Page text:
Digging in the Dirt – August 2014


pancake-with-fruit-4From Wheat to Pancakes

For Farmers Ending Hunger, 2013 was the best year to date. It’s the seventh year I’ve been with Farmers Ending Hunger, and we received 2.5 million pounds in donated food products from Oregon farmers and ranchers. We’ve come a long way since that first donation of 173,000 pounds of frozen peas in November 2006. Now, we receive a variety of fresh and processed food products every year. It’s locally grown in Oregon and all high quality. We coordinate with Oregon Food Bank to ensure we target products they want to put into a food box.

For me, the interesting part is what needs to happen before a product is turned into the right form for a food box. Much of what we receive, such as potatoes and onions, doesn’t require further processing or much packaging. However, many products we receive require some handling before they can feed hungry folks.

For example, take pancake mix. Our mix starts with wheat donations from our farmers. It takes about 4,500 bushels for each 200,000 lb. batch we deliver each year to Oregon Food Bank. That’s about 230,000 lbs. of milled wheat! We have farmers who donate 100, 500 and even 1,000 bushels of wheat in a given year. We also partner with the Oregon Wheat Foundation and their “Bushels for Betsy” program, which provides about half the wheat needed.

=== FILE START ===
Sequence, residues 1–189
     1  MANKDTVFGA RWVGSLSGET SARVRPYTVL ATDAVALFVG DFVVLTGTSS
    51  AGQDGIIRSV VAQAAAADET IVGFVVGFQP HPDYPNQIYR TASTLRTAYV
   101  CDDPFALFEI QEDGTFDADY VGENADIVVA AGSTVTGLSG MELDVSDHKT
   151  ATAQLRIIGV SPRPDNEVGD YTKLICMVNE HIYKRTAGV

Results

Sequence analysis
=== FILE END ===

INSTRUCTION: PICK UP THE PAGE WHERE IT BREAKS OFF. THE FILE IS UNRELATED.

The process starts at Pendleton Flour Mills to blend the correct varieties and mix of wheat for our secret flour blend. Then, our pancake mix flour is transported to Kent, WA, where Continental Mills adds the perfect ingredients and package the mix into three-pound bags for us. At this point, Oregon Food Bank sends trucks to Kent for the bagged pancake mix. The beauty of our pancake mix is that it is shelf stable. You only need to add water to make pancakes. It’s a versatile mix and can be used for biscuits, muffins and dumplings. The food banks tell me their clients really like it.

And yes, you could say that pancakes are empty calories, not the highly desired and recommended fruits, vegetables and protein we would like to have in a food box. But, hungry people need calories as much as any nutrient and pancakes can be a real treat once in awhile.

The process for other products can also be complex. The cattle we make into hamburger are processed in Woodland, WA, and then finished in Clackamas, OR. Cattle donated in Malhuer and Grant counties are processed in Nampa, ID, and Prineville, OR. It may seem like we go through a lot of steps, but these are the regular channels of production followed by commercial agriculture. We try to work within the established routes and not ask for any special or out-of-the-way handling.

As you might expect, we need many partners to get this all done. Obviously, we could not do what we do without Oregon Food Bank. Our private partners, such as Pendleton Flour Mills and Continental Mills, are equally important. And, not the least of our partners is you, our donors and supporters. Thank you!